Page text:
I feel that it cannot be justified by the principle of double effect because ether good effect is achieved as result of bad effect. A uterus which cannot bear a pregnancy is not a threat to mother unless she becomes pregnant. Here pregnancy is prevented removing the uterus, which is the bad effect, to save mother from the consequences of pregnancy, which is the good effect. Again, the principle of totality cannot justify their answer. So this act seems to be a mutilation. Can anyone explain this answer to me?
Congregation for the Doctrine of the Faith
on the liceity of a hysterectomy in certain cases
Question : When is it possible to become irreversibly in such a state that it is not longer suitable for procreation and medical experts have reached the possibility of becoming pregnant , is it licit to remove it ( hysterectomy )?
Response : Yes, because it does not regard sterilization.
The question comes from the first case, recently submitted to the Congregation for the Doctrine of the Faith, which constitutes a negative issue on July 31, 1993. it would be spontaneously interrupted before the fetus arrives at a state of viability. This is not a question of difficulty, or of risks of greater or lesser importance, but of a couple for which it is not possible to procreate.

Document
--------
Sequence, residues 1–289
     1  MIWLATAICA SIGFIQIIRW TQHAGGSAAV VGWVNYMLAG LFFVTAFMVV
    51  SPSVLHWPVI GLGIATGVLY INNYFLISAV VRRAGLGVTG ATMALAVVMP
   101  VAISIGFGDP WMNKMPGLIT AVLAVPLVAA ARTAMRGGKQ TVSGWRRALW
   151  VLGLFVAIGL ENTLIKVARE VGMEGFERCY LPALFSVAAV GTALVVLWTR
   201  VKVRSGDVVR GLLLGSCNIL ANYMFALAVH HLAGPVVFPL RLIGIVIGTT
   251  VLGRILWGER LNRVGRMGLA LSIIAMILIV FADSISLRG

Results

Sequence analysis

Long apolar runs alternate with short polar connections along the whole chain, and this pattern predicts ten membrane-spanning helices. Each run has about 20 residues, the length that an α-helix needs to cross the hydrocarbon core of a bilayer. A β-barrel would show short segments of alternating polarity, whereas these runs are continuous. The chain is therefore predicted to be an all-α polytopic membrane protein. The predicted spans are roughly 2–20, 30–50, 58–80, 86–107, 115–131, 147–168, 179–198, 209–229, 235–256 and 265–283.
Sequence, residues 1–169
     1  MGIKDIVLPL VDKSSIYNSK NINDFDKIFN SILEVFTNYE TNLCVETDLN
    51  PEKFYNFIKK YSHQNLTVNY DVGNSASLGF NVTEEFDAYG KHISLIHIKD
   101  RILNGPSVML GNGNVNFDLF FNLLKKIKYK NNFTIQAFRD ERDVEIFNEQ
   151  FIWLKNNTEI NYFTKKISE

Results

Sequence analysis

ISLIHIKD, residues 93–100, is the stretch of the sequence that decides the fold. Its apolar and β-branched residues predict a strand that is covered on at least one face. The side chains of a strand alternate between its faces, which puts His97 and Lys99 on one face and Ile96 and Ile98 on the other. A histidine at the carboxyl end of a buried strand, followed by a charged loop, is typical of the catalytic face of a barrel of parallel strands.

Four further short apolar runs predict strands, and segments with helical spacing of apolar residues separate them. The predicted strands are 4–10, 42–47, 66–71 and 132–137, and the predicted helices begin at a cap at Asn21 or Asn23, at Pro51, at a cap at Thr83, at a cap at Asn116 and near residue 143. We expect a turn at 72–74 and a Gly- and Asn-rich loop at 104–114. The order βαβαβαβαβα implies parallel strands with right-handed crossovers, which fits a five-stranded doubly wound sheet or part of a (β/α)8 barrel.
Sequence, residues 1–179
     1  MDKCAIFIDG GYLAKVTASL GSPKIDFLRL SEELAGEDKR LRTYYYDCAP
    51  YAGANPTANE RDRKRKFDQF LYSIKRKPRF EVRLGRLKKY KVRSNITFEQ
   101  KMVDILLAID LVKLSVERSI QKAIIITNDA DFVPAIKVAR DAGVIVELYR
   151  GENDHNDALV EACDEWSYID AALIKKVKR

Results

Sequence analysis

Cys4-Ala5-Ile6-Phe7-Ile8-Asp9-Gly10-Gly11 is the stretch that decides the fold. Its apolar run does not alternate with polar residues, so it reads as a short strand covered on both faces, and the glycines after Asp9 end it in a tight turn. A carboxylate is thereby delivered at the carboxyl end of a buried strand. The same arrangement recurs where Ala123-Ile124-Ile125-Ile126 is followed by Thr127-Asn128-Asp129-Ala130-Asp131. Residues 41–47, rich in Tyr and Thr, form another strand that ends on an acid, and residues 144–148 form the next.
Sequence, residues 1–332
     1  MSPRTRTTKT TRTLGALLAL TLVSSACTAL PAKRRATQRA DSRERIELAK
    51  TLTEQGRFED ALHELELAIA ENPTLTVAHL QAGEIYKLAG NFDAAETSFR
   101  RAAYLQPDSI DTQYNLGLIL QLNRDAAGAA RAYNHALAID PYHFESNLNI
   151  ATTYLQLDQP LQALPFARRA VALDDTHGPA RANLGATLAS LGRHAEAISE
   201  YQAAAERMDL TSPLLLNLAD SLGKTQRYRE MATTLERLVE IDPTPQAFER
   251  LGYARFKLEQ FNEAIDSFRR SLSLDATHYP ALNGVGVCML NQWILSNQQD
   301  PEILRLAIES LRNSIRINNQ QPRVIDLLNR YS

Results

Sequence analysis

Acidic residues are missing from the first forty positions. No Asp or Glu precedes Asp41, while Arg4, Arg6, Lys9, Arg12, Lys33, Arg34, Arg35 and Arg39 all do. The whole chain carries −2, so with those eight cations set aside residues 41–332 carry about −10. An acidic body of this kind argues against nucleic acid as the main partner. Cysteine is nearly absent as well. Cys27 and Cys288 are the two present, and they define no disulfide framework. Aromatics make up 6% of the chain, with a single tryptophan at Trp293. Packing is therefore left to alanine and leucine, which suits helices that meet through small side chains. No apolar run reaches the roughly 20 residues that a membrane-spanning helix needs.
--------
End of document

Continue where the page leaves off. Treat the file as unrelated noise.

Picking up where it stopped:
The precise object of sterilization is to impede the functioning of the reproductive organs, and the malice of sterilization Consists in the refusal of children: it is an act against the bonum prolis . They are not known to be able to fulfill their natural procreative function. The birth of a fetus is not biologically possible. Therefore, we are not dealing with a defective, or risky, functioning of the reproductive organs, but we are dealing with a situation in which the natural
As a procreation, as we find ourselves within an objective context in which neither procreation, nor as a consequence, an anti-procreative action, are possible. It can be used as direct sterilization, which is and remains intrinsically illicit as an end and as a means.
The problem of the disease could be, or could not, continue on the state of viability is a medical question. From the moral point of view, one must ask if the highest degree of certainty that can be reached, and in this sense the response is valid for the question, as it has been proposed in good faith.
Furthermore, the decision to undergo a hysterectomy is always the best one, but that only in the above-mentioned conditions is such as a decision morally licit, without, therefore, excluding other options (for example, recourse to infertile periods or total abstinence). It is the decision of the spouses, with the path to follow, and the general criterion of the medical intervention.
The Sovereign Pontiff Francis, in the Audience granted to the undersigned, has approved the above response and ordered its publication.
Rome, from the Offices of the Congregation for the Doctrine of the Faith, December 10, 2018.
Luis F. Card. Ladaria, SI